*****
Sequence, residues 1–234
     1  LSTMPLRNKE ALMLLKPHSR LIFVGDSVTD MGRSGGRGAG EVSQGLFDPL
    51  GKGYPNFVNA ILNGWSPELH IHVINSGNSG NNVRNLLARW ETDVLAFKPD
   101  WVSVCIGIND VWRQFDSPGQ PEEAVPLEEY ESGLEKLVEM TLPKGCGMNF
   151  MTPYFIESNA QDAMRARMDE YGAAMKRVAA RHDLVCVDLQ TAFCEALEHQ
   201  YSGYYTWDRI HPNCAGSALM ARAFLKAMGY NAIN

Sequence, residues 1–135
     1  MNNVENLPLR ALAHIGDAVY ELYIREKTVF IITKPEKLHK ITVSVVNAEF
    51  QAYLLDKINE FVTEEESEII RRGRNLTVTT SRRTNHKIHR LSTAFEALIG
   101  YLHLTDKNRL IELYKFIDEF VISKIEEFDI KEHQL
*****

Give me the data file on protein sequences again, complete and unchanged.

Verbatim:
Sequence, residues 1–234
     1  LSTMPLRNKE ALMLLKPHSR LIFVGDSVTD MGRSGGRGAG EVSQGLFDPL
    51  GKGYPNFVNA ILNGWSPELH IHVINSGNSG NNVRNLLARW ETDVLAFKPD
   101  WVSVCIGIND VWRQFDSPGQ PEEAVPLEEY ESGLEKLVEM TLPKGCGMNF
   151  MTPYFIESNA QDAMRARMDE YGAAMKRVAA RHDLVCVDLQ TAFCEALEHQ
   201  YSGYYTWDRI HPNCAGSALM ARAFLKAMGY NAIN

Sequence, residues 1–135
     1  MNNVENLPLR ALAHIGDAVY ELYIREKTVF IITKPEKLHK ITVSVVNAEF
    51  QAYLLDKINE FVTEEESEII RRGRNLTVTT SRRTNHKIHR LSTAFEALIG
   101  YLHLTDKNRL IELYKFIDEF VISKIEEFDI KEHQL